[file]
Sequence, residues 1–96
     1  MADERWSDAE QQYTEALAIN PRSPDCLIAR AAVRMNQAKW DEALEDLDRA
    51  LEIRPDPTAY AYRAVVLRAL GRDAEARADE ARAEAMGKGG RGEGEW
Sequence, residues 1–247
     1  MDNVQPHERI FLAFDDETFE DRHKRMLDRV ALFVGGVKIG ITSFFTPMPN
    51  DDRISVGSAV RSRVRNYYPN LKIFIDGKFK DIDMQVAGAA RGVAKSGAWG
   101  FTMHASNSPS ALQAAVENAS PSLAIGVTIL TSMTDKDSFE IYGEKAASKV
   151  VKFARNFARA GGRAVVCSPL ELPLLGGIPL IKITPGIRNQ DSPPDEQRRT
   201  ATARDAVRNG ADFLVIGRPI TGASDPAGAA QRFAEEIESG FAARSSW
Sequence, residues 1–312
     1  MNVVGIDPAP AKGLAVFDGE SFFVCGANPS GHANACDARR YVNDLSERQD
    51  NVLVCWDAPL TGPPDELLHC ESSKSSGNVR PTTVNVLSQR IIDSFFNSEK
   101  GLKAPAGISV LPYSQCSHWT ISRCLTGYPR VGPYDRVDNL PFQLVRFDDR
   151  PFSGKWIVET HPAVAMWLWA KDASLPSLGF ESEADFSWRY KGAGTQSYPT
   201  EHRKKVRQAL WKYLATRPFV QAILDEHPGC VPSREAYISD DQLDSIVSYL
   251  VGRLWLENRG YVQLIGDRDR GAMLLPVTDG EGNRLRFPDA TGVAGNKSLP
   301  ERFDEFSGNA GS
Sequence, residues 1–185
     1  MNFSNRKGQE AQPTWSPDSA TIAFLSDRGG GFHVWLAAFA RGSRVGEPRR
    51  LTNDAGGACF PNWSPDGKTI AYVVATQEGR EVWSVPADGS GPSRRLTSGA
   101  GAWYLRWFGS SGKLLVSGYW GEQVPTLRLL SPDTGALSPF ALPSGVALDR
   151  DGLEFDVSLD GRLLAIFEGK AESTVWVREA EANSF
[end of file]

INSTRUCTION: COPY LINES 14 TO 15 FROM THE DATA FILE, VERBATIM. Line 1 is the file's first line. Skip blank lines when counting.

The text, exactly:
   151  PFSGKWIVET HPAVAMWLWA KDASLPSLGF ESEADFSWRY KGAGTQSYPT
   201  EHRKKVRQAL WKYLATRPFV QAILDEHPGC VPSREAYISD DQLDSIVSYL